Shin Megami Tensei: Digital Devil Saga - Review  

Warriors of Purgatory
by Derek 'Roku' Cavin

25-40 hours


Rating definitions 

   The war between the six tribes in Shin Megami Tensei: Digital Devil Saga has been raging for an indefinite amount of time, but the arrival of a mysterious girl and a virus that turns the world's inhabitants into demons is about to break the stalemate. Sadly, the new powers come with a horrible side effect: the soldiers must now devour the corpses of their fallen enemies in order to grow stronger and temporarily alleviate their growing hunger. While this sounds brutal and disturbing, many of the heroes feel the same way. They decide to use their new powers to end the stalemate and become the tribe to reach Nirvana with as little bloodshed as possible.

   As with most games centered on war, combat is the primary focus of Digital Devil Saga. Luckily, the battle system is the strong point of the game. The class system involves downloading, equipping, and mastering mantras, which are small collections of abilities. Mastering certain mantras will unlock similar, more advanced mantras. As there are several dozen mantras and hundreds of skills to master, there are quite a few strategies that can be used to turn the tide of battle in the player's favor. Characters can only equip four skills at the beginning of the game, but this number increases slightly as they level up. Players must select their chosen skills carefully. Mindlessly fighting in battle works early on, but strategy can greatly assist the heroes. An interesting aspect of battles is the turn system. Turns are spent in the order in which the heroes are arranged. Most actions use a full turn, but characters also have the ability to pass their turn to the next in line for only half a turn. Targeting a weakness is rewarded with an extra half of a turn, while making a mistake and hitting an enemy's shield will result in losing an extra turn. Every bonus turn can make a significant impact on the battle, so having a strategy can really pay off. While the enemy encounter rate is ridiculously high, the battle system itself is good enough to keep things from becoming very stale.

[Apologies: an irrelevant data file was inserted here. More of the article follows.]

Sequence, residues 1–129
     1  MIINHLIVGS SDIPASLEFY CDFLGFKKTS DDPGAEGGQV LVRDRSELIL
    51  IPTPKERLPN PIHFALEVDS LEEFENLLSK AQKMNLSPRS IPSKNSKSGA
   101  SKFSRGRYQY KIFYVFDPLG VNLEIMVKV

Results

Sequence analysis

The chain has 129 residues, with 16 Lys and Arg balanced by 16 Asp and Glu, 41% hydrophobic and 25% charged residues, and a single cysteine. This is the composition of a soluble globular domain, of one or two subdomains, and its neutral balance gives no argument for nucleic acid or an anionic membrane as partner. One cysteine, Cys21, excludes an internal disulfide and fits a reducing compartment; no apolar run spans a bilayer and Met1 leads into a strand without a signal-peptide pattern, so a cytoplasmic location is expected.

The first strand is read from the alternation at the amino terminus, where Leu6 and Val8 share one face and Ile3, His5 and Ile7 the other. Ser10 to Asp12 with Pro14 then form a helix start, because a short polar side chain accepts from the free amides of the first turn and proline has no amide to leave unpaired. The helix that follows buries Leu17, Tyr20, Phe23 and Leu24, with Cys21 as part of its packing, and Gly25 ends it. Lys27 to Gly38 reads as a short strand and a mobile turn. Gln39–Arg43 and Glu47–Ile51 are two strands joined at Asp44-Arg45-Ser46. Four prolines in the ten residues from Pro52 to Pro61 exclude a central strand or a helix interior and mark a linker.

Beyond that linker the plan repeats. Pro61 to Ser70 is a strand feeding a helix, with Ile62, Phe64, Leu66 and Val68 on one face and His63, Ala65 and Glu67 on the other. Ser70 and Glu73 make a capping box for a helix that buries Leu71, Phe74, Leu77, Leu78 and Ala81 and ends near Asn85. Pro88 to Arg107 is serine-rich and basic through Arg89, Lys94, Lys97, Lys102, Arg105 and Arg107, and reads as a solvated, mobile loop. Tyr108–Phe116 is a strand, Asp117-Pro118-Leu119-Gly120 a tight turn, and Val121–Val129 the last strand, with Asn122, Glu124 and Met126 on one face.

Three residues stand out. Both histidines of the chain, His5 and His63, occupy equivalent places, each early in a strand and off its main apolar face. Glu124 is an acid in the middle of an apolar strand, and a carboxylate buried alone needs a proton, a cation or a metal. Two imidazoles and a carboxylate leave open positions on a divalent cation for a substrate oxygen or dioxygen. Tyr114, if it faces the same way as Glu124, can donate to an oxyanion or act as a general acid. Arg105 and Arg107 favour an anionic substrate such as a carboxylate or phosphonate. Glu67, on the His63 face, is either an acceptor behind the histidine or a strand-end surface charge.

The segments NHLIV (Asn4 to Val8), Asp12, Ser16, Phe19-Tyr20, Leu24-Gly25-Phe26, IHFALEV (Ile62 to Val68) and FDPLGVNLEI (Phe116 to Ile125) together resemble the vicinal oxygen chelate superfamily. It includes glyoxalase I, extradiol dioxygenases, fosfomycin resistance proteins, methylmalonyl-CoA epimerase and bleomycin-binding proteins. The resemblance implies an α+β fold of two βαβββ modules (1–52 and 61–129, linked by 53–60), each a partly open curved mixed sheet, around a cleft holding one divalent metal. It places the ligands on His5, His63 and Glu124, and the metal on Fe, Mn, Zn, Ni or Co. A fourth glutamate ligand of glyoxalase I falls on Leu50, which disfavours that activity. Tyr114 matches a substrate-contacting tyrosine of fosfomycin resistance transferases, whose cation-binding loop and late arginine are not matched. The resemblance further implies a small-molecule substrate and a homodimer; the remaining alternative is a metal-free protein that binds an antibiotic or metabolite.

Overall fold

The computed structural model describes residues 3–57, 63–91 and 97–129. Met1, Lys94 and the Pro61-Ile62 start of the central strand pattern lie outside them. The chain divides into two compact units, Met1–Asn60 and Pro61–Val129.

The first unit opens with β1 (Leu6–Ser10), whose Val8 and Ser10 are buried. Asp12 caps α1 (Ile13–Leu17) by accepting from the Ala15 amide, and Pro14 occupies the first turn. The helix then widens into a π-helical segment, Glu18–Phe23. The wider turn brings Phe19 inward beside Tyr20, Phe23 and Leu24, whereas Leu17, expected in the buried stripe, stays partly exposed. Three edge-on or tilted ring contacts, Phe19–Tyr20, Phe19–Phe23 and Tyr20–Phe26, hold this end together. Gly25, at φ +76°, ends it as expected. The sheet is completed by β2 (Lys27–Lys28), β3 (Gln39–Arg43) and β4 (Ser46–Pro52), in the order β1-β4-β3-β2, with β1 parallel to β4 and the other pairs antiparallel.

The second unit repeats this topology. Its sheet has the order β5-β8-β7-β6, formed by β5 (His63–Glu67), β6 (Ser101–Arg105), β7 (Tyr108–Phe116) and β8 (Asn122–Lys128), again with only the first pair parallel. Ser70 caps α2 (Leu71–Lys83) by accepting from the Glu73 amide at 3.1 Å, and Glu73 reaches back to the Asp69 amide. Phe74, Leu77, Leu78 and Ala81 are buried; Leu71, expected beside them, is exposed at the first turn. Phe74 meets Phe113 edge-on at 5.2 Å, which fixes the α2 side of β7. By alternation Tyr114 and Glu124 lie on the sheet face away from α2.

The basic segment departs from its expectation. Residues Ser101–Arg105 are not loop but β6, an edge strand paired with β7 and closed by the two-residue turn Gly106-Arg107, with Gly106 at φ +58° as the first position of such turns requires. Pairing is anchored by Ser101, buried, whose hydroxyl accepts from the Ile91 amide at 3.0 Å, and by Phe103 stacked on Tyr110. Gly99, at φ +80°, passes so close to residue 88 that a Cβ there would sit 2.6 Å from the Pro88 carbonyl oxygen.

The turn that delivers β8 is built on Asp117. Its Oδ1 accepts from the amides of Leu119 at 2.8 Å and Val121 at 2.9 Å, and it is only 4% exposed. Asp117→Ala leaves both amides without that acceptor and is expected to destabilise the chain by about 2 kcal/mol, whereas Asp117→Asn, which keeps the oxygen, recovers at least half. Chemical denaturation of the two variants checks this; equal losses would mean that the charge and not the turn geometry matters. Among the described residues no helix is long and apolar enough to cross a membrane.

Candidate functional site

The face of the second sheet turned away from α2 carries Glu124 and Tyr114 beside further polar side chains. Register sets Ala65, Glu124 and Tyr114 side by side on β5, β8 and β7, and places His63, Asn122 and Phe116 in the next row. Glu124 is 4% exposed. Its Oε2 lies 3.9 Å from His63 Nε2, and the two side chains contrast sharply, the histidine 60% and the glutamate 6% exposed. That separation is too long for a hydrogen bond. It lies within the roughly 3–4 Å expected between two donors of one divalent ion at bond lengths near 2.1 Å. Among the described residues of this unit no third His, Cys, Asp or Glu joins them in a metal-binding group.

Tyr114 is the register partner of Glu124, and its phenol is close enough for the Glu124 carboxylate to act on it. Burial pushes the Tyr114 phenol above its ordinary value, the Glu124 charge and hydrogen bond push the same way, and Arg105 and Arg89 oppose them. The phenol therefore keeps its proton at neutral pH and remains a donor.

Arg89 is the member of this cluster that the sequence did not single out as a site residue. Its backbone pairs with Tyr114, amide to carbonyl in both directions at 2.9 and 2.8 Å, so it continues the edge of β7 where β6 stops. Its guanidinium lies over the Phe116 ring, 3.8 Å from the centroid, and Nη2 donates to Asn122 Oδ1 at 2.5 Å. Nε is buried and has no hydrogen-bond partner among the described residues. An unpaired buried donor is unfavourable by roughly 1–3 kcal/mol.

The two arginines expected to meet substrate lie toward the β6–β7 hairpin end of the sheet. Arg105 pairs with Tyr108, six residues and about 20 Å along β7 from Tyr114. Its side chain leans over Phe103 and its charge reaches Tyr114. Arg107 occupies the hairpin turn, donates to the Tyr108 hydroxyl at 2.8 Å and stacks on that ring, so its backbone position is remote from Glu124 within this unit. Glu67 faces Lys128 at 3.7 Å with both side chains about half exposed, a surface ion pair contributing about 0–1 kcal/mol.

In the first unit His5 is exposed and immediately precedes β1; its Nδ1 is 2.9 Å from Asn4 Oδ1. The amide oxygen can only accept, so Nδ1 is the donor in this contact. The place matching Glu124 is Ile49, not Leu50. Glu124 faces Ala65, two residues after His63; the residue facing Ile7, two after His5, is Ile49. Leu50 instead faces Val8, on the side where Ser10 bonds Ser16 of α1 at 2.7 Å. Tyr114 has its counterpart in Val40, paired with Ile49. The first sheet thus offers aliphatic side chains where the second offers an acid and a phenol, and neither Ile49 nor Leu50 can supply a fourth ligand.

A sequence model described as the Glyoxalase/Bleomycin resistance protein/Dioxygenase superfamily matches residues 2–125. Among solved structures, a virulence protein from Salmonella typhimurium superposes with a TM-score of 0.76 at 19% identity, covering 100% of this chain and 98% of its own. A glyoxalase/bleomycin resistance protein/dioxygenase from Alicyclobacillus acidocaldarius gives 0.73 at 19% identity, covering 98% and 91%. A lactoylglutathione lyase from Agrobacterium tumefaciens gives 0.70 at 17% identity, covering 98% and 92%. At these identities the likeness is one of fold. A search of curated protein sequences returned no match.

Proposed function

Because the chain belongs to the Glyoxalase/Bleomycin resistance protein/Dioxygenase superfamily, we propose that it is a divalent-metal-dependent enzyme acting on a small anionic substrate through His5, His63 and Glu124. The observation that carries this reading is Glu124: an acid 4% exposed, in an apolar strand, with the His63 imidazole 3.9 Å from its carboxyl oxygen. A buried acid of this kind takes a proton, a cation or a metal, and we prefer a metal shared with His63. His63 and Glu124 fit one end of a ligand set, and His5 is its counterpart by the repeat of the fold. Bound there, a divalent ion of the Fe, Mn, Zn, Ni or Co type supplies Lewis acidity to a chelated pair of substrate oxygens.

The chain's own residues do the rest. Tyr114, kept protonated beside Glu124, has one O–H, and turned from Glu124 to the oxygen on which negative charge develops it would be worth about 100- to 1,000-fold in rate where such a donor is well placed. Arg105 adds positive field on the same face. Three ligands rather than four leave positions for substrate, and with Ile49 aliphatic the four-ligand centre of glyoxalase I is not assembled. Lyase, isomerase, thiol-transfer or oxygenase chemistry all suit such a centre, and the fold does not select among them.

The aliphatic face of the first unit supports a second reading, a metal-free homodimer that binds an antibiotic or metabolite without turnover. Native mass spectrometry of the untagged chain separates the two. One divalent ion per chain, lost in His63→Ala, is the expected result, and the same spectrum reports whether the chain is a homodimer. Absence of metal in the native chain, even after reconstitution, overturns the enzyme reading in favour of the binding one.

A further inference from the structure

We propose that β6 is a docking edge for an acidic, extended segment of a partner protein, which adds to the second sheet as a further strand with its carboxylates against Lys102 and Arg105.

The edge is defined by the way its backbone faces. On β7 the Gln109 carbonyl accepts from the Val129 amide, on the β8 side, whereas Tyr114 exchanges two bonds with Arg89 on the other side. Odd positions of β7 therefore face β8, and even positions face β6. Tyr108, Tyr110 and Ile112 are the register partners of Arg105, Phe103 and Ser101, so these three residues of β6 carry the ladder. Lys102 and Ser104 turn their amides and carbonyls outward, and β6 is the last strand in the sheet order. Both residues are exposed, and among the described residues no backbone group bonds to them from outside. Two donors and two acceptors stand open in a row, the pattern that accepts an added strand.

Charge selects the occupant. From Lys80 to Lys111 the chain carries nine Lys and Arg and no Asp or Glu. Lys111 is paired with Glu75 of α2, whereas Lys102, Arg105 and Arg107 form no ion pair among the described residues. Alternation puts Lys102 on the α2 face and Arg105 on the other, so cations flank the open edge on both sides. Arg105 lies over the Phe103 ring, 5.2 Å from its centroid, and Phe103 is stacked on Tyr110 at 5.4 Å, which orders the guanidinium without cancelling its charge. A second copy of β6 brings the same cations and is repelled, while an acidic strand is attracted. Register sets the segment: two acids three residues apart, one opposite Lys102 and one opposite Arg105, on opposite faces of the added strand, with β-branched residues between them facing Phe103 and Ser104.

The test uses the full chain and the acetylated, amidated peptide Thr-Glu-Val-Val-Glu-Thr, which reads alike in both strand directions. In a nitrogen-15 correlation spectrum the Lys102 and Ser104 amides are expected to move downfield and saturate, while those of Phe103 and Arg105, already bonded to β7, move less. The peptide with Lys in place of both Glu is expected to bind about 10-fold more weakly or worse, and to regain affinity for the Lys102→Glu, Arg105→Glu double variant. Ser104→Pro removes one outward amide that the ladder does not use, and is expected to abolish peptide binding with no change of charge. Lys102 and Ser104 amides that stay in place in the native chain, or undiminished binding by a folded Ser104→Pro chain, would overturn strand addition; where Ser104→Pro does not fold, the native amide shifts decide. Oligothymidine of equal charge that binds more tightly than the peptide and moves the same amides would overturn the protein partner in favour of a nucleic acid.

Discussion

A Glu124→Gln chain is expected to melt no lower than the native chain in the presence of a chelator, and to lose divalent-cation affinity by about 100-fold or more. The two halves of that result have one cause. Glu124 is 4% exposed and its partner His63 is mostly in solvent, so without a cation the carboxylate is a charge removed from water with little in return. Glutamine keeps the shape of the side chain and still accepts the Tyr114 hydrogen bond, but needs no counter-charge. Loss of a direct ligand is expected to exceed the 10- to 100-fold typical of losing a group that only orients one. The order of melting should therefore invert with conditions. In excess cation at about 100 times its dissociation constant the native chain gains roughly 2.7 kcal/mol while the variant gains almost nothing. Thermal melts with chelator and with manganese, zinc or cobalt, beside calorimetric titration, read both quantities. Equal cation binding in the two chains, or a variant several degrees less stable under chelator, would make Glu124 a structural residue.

Customization Customization

   Unfortunately for those looking for a challenge, a high encounter rate also means that most normal battles will be relatively easy. Once the player becomes familiar with a particular type of enemy, exploiting its weaknesses is quite easy. Most battles can be easily won within a round or two. Of course, this is not always the case. When ambushed, the heroes will be forced to fight in human or waste time transforming. This can increase the difficulty a bit. Boss fights are also more difficult in general, especially if the wrong skills are taken into battle, but they can generally be won with only a moderate amount of difficulty.